by Marshall Auerback, New Economic Perspectives
As a Canadian, perhaps I should feel a surge of patriotic pride now that Mark Carney has been designated the new head of the Bank of England – quite a step up for the current governor of the Bank of Canada. There is no question that Mr. Carney is a market-savvy guy (he did, after all, work for the vampire squid), and his experiences as Chairman on the Financial Stability Board (FSB) suggests that he is sensitive to the ongoing systemic risks present in our increasingly complex global banking system.
Your Perception Is Your Reality
by John Mauldin, Mauldin Economics
There’s a very interesting article in The Atlantic this week, called “How Partisans Fool Themselves Into Believing Their Own Spin.” While the author, Alesh Houdek, engages in some spin of his own, he makes some very good points that we should keep in mind not only as we look at the potential effects of a tax increase but as we tackle new ideas and accompanying “facts” in general. And he has pointed us to a very interesting study, or at least it’s interesting for those of us who are fascinated by behavioral psychology and behavioral economics:
We weigh facts and lines of reasoning far more strongly when they favor our own side, and we minimize the importance and validity of the opposition's arguments. That may be appropriate behavior in a formal debate, or when we're trying to sway the opinion of a third party. But to the extent that we internalize these tendencies, they injure our ability to think and see clearly. And if we bring them into the sort of open and honest one-on-one political debates that we'd like to think Americans have with each other, we strain our own credibility and undermine the possibility of reaching an understanding.
A defense attorney presents the best case for his client's innocence in court, but he's realistic with himself about what he believes the truth of the matter is. Too often in political arguments we have drunk our own Kool-Aid.
LONDON – It is generally agreed that the crisis of 2008-2009 was caused by excessive bank lending, and that the failure to recover adequately from it stems from banks’ refusal to lend, owing to their “broken” balance sheets.
A typical story, much favored by followers of Friedrich von Hayek and the Austrian School of economics, goes like this:
In the run up to the crisis, banks lent more money to borrowers than savers would have been prepared to lend otherwise, thanks to excessively cheap money provided by central banks, particularly the United States Federal Reserve. Commercial banks, flush with central banks’ money, advanced credit for many unsound investment projects, with the explosion of financial innovation (particularly of derivative instruments) fueling the lending frenzy.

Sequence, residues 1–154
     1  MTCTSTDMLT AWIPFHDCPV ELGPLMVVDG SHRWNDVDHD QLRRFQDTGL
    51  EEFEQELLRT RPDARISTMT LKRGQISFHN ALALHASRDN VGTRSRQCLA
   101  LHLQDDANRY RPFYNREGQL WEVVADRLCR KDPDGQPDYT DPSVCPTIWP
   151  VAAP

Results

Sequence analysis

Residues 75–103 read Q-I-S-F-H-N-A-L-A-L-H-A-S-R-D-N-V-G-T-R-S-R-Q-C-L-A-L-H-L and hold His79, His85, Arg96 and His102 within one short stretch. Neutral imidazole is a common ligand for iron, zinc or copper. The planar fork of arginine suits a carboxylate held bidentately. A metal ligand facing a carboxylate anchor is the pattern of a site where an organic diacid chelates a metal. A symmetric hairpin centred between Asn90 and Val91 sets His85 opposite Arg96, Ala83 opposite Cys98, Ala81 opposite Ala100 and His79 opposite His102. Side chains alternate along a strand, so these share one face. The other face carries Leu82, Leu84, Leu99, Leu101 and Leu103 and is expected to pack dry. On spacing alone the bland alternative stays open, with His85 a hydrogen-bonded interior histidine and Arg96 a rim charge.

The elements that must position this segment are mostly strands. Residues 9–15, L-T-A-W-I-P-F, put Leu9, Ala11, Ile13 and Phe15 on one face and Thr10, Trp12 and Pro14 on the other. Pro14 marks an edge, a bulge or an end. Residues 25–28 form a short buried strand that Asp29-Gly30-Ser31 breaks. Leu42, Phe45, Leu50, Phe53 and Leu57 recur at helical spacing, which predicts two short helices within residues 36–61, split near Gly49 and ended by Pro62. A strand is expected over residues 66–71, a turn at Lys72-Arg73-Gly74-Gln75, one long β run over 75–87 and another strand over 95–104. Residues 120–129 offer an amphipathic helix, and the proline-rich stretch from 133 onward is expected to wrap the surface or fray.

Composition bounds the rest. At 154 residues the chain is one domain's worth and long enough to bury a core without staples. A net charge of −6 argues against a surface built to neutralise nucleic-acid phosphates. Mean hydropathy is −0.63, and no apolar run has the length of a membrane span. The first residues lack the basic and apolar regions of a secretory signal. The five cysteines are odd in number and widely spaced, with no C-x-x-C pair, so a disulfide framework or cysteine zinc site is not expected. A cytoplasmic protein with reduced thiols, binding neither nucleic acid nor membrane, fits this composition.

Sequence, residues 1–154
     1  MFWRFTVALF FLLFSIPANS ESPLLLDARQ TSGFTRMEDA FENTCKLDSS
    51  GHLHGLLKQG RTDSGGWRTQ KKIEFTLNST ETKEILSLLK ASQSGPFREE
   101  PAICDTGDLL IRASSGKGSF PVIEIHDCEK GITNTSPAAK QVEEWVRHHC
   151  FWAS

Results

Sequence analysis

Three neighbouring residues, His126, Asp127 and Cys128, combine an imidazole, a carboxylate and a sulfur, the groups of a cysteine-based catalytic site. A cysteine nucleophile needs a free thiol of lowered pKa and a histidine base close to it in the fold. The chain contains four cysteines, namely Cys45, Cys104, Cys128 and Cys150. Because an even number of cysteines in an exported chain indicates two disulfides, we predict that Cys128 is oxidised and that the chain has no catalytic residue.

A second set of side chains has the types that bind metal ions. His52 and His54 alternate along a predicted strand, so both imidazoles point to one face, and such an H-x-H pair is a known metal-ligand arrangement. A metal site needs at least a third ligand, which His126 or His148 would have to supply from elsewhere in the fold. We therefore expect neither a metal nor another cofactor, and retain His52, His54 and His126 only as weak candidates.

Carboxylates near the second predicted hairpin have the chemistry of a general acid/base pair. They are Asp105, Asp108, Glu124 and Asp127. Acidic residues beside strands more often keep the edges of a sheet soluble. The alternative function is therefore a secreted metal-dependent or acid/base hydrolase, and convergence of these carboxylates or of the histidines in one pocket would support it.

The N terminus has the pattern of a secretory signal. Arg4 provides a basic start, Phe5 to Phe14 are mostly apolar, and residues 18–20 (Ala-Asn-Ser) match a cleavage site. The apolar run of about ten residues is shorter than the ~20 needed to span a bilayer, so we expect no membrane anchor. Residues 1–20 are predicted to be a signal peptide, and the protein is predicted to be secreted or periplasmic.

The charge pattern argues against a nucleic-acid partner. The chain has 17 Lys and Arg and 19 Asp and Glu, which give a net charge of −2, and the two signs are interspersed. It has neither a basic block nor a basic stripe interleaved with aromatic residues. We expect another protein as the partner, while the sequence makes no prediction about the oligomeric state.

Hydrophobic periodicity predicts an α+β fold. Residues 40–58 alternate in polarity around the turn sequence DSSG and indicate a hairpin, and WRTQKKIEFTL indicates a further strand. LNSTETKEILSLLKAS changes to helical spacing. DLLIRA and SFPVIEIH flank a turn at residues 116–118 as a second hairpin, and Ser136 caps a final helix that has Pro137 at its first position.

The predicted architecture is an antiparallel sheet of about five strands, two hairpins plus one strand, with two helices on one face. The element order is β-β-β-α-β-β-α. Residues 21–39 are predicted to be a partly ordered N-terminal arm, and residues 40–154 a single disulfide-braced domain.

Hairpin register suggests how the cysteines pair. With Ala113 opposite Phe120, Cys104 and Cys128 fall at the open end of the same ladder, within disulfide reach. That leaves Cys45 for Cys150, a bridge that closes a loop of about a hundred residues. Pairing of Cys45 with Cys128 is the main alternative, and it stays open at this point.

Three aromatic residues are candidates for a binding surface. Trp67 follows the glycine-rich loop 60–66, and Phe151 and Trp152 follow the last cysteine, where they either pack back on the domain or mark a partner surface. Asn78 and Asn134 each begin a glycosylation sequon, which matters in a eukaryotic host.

Written by Derryl Hermanutz
We hear that China's new "conservative" leaders have all read Alexis de Tocqueville's 1856 book, The Old Regime and the Revolution, and are recommending it to their friends. Western pundits opine that China's government feels that maintaining legitimacy with the governed depends on keeping the Chinese economy humming along. The government fears "revolutionary" democratic fervor, and seeks to placate the people by creating macroeconomic conditions that foster opportunity and widely distributed enhancement of the people's standard of living. If, as proved to be the case in post-Revolutionary France, it becomes clear that the people actually value state fostered wealth and security over political liberty, then this strategy will work if it can be executed successfully.
Staggering Levels of Fraud For Years On End …
The shadow banking system is bigger now than when the financial crisis started.
As Max Keiser explains, massive fraud has continuously taken place over many years … as banks shift their liabilities into the shadow banking system during audit time – with the help of accounting firms and the government – and then bring them back onto the books as soon as the auditor leaves: